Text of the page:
Oil-spill barriers used on Oder river to catch tonnes of dead fish

Tensions rising in Berlin at pace of Polish investigation into the mysterious phenomenon, with fears that further delays could see problem spread to other waterways

Poland and Germany have spanned oil-spill barriers across the river Oder between their two countries to catch 10 tonnes of dead fish killed by an unknown cause. Tensions are rising in Berlin at the pace of the Polish investigation into the mysterious phenomenon, with fears that further delays could see the problem spread to other waterways.

In recent days people in the border region around the Oder river, which flows from the Czech Republic to the Baltic Sea, have been urged not to swim in the water or even touch it.

On Monday work crews could be seen putting up barriers, normally used during oil spills, to prevent dead and rotting fish being washed into the sea.

Polish officials have conducted tests in recent days but have yet to find any toxin responsible. On Monday Dietmar Wolke, state premier of the eastern state of Brandenburg, complained in that information from Poland has been coming in “dribs and drabs” or “not at all”.


“This must be dealt with urgently,” he said.

His words were echoed by Germany’s federal environment minister Steffi Lemke. “There’ll be a massive loss of confidence, especially among the Polish population, but probably also among our population, if this [investigation] does not succeed,” said Ms Lemke on German public television.

Polish prime minister Mateusz Morawiecki has fired two senior officials, acknowledging their “sluggish” reaction to growing alarm calls that dead fish were washing ashore on both sides of the border. “For me the most important thing is to deal with this ecological disaster as soon as possible, because nature is our common heritage,” said Mr Morawiecki.

Frustrated at the pace of Poland’s investigation, Brandenburg is conducted its own tests, which state environment minister Axel Vogel said will “take several more days until we have checked through all the substances that we consider possible”.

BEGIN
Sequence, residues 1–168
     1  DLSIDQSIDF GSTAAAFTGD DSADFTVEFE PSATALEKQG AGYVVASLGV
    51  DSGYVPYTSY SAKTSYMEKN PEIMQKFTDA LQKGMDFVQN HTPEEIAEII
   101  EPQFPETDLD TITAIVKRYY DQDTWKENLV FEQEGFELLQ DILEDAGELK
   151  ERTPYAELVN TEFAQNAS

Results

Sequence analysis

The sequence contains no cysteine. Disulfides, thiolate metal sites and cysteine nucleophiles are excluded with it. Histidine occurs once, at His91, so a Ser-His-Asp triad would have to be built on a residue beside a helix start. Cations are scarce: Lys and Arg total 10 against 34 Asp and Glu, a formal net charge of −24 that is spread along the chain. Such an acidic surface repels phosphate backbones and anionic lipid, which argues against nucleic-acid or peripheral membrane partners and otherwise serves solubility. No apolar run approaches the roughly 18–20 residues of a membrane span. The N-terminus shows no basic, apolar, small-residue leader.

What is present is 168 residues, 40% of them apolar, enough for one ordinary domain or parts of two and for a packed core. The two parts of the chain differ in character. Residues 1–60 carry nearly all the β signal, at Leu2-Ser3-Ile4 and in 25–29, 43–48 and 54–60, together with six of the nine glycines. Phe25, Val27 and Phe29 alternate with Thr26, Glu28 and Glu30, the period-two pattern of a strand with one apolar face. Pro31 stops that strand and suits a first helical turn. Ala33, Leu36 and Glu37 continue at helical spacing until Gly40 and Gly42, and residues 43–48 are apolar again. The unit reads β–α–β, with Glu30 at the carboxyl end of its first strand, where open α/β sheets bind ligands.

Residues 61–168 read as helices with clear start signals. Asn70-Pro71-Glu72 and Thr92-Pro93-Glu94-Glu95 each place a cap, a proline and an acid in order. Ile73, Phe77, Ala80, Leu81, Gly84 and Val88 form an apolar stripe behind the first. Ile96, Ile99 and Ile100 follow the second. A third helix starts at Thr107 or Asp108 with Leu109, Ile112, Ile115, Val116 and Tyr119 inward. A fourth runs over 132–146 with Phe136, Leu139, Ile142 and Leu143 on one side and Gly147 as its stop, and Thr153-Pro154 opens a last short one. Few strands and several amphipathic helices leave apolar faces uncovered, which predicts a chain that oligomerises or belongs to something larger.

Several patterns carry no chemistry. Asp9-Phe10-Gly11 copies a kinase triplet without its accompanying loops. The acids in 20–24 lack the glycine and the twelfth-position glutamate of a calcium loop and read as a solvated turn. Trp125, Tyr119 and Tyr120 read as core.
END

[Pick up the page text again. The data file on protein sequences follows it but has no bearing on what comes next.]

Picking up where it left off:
He added that there may be several causes for the mass fish deaths, in particular given how an ongoing drought has seen water levels drop to record levels, causing long-term damage already to the Oder river valley. “This is why we don’t think we have a disaster that can be solved within half a year by repopulating with fish.”

A drought lasting weeks is causing environmental disaster across Europe, in particular in the shipping and farming sectors, with a knock-on effect on consumer prices. Dried up grazing land and shrunken harvests of grain destined to feed animal herds mean farmers across Europe are already dipping into their winter forage reserves in summer.

This week it is likely the Rhine river in western Germany will in many places drop below the critical level of 40cm needed for shipping. This will make it effectively impassable to many barges, in particular those carrying coal for power stations, exacerbating Germany’s energy crisis just as gas flows from Russia in some pipelines have dwindled to one fifth of regular capacity.

Germany’s chemicals industry is also affected, with BASF and other big producers likely to curb production as boats with raw materials are unable to reach their plants via river.

Derek Scally

Derek Scally

Derek Scally is an Irish Times journalist based in Berlin